How to Build DIY Scrap Wood Lanterns

Morgan Nelson
by Morgan Nelson
10 Materials
6 Hours


These lanterns were essentially FREE! I used scrap wood that I already had and leftover stain from previous projects. These DIY scrap wood lanterns are definitely a great fall décor idea. Rustic outdoor wood lanterns are super easy and will look great for your indoor or outdoor space!


You can edit your plans to fit what you have but I had miscellaneous 1x4s and 1×6’s. The 1×6 was cut for the 3 bases at 5″x 5″. I have 3 lanterns at 3 different heights, but the same base size. The connector pieces were all 3 1/2″.If you want to make the lanterns proportional to each other, rather than all tall and skinny, the bases and the small pieces will need to scale up with the height. Adding an inch to the base and the short pieces for every 6″ added in height will help!

When a piece of wood is sold at “1×6″ that is just a nominal size, the actual size is less, more like 3/4″ x 5 1/2″. All the long pieces were cut to be exactly 3/4″ x 3/4″ X height. I went with 24″, 18″ and 12”. If you are buying wood, you can purser 3/4″ x 3/4″ pieces in the trim section. That way, you don’t need to have a table saw!


Once you’ve gathered all your scrap wood, cut it to size. Like I said above, you can really make it what you need!

If you truly want to do this all in one day, get your pieces sanded and cut as early as you can. There is lots of stain and glue drying times ahead.

I stuck with a 5″ x 5″ base to fit the hurricane vase but I made a huge mistake in calculating inaccuracies. I wanted the glass to fit inside the frame I was building. The vase was 3.3″ and the width of the frame on either side would be 0.75″.Turns out the 3.3″ was the inside diameter of the vase, not the outside.A 6″ square base would have given me more room on all sides in case things didn’t line up perfectly, which they never do!If I were to go back, I would make the proportionally scaled lanterns, even if that meant I needed to buy a little bit more wood. This means the smallest base would have been 6″x6″, the medium would have been 7″x7″ and the tallest lantern would have been 8″x8″. The corresponding short pieces would have been 4.5″, 5.5″ and 6.6″ respectively.


I always try to get a quick sanding in before assembly (if even before cutting). Sometimes it’s hard to get into all the corners when everything is put together. This sanding step, in my opinion, just makes everything easier.With that being said, maybe don’t use the orbital sander on the small 3 1/2″ pieces… they tend to go flying!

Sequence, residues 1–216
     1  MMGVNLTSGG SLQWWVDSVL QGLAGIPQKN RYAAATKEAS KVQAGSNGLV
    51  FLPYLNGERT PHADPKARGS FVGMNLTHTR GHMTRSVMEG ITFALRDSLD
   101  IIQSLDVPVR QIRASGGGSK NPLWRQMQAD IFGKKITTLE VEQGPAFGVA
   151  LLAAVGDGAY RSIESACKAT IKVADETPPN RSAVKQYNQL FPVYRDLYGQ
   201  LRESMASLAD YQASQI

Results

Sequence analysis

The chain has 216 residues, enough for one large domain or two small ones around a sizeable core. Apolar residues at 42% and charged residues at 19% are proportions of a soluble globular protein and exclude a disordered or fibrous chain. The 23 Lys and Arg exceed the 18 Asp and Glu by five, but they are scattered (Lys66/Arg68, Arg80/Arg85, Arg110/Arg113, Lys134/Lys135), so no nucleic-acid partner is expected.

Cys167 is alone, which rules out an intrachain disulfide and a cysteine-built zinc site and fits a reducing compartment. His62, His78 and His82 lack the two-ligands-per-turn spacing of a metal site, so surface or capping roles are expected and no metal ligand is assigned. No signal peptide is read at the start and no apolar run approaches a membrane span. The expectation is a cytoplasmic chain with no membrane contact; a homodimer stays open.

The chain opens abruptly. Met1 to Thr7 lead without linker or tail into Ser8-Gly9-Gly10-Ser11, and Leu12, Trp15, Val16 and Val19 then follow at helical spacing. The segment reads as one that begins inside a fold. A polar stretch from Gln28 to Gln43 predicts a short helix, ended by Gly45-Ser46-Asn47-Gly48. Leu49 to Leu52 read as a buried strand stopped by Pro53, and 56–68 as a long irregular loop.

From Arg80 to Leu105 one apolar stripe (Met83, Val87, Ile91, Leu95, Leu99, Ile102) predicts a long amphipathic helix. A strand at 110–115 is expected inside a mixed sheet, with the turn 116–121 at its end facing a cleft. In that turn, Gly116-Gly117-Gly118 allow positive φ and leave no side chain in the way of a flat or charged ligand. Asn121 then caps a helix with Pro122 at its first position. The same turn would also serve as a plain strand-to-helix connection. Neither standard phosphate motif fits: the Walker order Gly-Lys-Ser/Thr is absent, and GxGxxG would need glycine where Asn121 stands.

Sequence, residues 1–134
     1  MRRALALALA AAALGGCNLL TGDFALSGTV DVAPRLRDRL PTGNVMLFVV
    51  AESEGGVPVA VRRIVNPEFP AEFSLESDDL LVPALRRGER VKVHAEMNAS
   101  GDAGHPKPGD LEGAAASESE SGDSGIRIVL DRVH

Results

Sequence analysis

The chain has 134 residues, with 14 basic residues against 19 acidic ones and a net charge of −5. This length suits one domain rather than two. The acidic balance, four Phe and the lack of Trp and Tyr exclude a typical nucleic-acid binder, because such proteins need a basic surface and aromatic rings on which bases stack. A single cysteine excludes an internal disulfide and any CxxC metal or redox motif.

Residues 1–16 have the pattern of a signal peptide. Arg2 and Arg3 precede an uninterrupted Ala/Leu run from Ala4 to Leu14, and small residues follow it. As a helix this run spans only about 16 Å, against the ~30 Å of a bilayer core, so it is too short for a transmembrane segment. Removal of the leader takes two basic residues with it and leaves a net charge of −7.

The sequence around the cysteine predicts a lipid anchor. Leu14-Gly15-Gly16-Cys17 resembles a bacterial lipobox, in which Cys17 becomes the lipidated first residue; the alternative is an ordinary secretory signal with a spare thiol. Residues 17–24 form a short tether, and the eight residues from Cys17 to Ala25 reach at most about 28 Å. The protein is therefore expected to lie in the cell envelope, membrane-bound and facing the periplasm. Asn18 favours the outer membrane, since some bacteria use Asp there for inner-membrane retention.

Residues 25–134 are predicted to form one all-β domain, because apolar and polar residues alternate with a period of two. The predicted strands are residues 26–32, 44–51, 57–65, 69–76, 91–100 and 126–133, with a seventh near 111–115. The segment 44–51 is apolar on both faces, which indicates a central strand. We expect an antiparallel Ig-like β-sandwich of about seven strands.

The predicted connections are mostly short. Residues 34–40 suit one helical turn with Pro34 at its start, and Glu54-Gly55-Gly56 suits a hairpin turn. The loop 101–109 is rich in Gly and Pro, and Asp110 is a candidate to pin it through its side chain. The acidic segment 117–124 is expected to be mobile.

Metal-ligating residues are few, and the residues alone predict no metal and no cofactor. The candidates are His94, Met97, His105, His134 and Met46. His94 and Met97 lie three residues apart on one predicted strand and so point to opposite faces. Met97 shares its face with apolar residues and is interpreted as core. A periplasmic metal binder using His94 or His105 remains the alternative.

To get things started, I used wood glue and clamps. I don’t have very many clamps so it was a little slow going, but I’ve got some tricks for you. You could use the nail gun during this process or use painters tape to help keep everything together. This will cut down on your wait time.

If you want to move quickly and get this project done in 1 day, definitely glue and use the nail gun as you go. I glued, waited to dry, then nailed and it took longer than I hoped.Start with gluing the ends of the small pieces to the inside edges of the long pieces to create a rectangle. Once I have all my rectangles, Ill use the remaining small pieces to connect them till you’ve got a three-dimensional rectangular frame!I used the nail gun to make sure everything is secure. The wood glue won’t last long term outdoors so I needed a more lasting way to keep it all together.I plan to use these DIY scrap wood lanterns indoors most of the time but to place them outdoors when we have company or holiday decor. I’ll specifically place them under a covered area if I plan to leave them outdoor long term. This is mostly so that the vase and the candle don’t get rained on!Once the frame is together, glue and nail the 5″ x 5″ base to one end and let them all dry.


Now that everything is dry and assembled, use this sanding step to smooth out any rough patches. If some pieces didn’t glue or nail quite into place, use the sander to smooth over the ridge.

If you have a little gap at the joints, mix some sanding sawdust with some wood glue to create a paste. Push the paste into the gap and let dry. Once it is dried, sand till smooth. This is essentially homemade wood filler that will match your wood exactly.


Using a wood conditioner will help give you an even stain application, or so I’ve heard. I still haven’t had the opportunity to try it out for you because the wood conditioner is still out of stock at my hardware store.The stain I already had on hand was, Varathane Weathered Oak mixed with Light Walnut. I can’t say I remember which projects they were used on but I used another scrap piece of wood to test it out and I liked this specific color combo for my needs.


Once the stain has dried you can choose to apply polyurethane to seal it if you plan to have it outdoors. This will help protect it from moisture and ensure you have the lanterns for a long time.


Now that its assembled, stained, and sealed, all you need now is to slide your vase and candle in place! You could even use an LED pillar candle to help ensure that you can use this time and time again.

DIY fall lanterns

For more creative autumnal decor projects, discover Hometalk's best fall lantern ideas here, best fall wood crafts here, and other modern fall decor inspiration here.

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Morgan Nelson
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